A Look at Boris Johnson as Foreign Secretary: What Does It mean for the Financial Markets?

Boris Johnson shocked the Conservative Party a few weeks ago by dropping out of the race to replace David Cameron as Prime Minister. But alas, the eccentric blonde-haired MP found himself firmly in control of Britain’s international relations after the party named him Foreign Secretary last week.

This has many investors wondering, what impact will Mr. Johnson have on the markets? This is what we know so far.

He loves to be in the spotlight
The spotlight has followed Boris Johnson throughout his political career. His unconventional antics, like getting stuck on a London zip-wire over Victoria Park to writing a poem about the President of Turkey’s sexual encounter with goats,[1] Mr. Johnson sure knows how to rile his political opponents and anyone who happens to be watching. His ludicrous hair-do makes his outbursts all the more interesting.

We better hope that none of his crazy gaffes imply anything about the financial markets. You can disagree with Boris, but you certainly can’t ignore him.

He loves London’s financial sector[2]
Say what you will about Johnson’s politics or his emphatically Eurosceptic stance, he is overwhelming pro-City (a term that describes London’s financial services sector). While Brexit could have negative consequences, Boris will work overtime to ensure that the City remains one of the world’s premier financial centres.

He supports small business
As a Conservative, you would expect Johnson to have a strong affinity for small businesses. True to his form, he spent his years as London Mayor supporting small enterprises. Given that 99.9% of UK businesses are small- and medium-sized enterprises,[3] a pro-business Foreign Secretary could become a hit in the financial markets.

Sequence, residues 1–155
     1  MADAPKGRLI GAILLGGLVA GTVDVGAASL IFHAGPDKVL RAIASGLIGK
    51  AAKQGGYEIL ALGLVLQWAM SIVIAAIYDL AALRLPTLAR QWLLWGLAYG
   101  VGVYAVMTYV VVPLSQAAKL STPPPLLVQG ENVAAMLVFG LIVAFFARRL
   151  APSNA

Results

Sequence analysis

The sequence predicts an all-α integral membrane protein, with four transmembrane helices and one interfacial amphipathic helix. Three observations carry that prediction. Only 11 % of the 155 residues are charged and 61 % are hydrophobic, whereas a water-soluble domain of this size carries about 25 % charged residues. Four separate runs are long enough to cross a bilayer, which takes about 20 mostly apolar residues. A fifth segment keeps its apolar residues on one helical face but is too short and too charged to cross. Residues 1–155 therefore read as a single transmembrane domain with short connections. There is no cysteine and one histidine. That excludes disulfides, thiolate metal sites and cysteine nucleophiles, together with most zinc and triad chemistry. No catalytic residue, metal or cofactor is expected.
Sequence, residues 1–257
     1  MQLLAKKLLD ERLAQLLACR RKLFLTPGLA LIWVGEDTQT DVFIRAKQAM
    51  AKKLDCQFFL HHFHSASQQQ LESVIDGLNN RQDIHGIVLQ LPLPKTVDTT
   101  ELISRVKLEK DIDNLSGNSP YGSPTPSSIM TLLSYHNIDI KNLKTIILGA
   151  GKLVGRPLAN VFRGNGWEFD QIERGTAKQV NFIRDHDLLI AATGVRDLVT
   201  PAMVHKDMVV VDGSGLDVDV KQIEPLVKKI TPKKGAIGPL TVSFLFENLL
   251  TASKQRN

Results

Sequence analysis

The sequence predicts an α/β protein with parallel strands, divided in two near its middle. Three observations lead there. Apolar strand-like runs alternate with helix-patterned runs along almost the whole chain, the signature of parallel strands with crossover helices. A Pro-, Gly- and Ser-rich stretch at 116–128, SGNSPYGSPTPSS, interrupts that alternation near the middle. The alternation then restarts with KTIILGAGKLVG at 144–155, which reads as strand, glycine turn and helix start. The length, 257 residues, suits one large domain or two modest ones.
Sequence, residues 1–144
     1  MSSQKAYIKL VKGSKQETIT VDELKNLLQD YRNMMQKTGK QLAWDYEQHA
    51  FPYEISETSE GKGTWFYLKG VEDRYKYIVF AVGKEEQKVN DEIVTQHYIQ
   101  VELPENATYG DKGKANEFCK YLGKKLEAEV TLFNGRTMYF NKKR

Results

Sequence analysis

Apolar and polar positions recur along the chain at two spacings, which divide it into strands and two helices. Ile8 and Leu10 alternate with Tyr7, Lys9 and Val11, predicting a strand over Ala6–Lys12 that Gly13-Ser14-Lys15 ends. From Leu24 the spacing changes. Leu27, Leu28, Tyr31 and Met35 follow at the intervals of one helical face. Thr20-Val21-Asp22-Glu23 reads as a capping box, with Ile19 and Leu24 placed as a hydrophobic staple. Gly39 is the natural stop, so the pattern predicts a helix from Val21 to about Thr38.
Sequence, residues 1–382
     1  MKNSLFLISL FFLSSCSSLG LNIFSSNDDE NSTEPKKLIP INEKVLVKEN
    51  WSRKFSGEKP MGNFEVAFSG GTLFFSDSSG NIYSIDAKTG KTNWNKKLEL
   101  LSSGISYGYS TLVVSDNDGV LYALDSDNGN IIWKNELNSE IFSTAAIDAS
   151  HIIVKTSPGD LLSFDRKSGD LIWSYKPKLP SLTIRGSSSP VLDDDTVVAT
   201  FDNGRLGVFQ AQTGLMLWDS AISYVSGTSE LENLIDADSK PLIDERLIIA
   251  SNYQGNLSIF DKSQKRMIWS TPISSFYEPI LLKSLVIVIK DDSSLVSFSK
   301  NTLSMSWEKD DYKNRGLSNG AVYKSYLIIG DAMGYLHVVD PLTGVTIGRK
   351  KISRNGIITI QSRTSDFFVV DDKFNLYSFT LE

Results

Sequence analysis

He’s very pro-Brexit
Johnson was one of the major proponents behind Britain’s campaign to quit the European Union. As Foreign Secretary, he will likely have a say in Britain’s future trade negotiations with its EU partners. This could be either a good thing or a bad thing. A Boris-style gaffe during negotiations could have a negative impact on the markets, especially if it is viewed as harming Britain’s ability to make amends with its regional allies. Euroscepticism may have had its benefits during the referendum, but likely has no place at the negotiating table.

He doesn’t want to be Prime Minister
Suffice it to say, it’s very strange that a man who loves the spotlight as much as Boris Johnson, and who was instrumental in getting Britain to vote Leave on June 23, wouldn’t use this opportunity as a launching pad for his premiership. Mr. Johnson was the clear favourite before bowing out of the race, which left the door wide open to Home Secretary Theresa May. Mrs. May was pro-EU during the referendum, which has many people wondering what this means for Brexit. Will Britain capitulate under a pro-EU leader or will it decide to re-integrate into Europe? Nobody knows for sure, but the market won’t appreciate the suspense.

[1] James Cox (July 14, 2016). “WATCH OUT WORLD! Boris’s most shocking gaffes – from rugby tackling a small Japanese child to getting stuck on a zip wire.” The Sun.

[2] Rachel Savage (August 7, 2014). “The pros and cons of Boris the business secretary.” Management Today.

[3] House of Commons Library. Briefing Paper Number 06152, 7 December 2015: Business Statistics.

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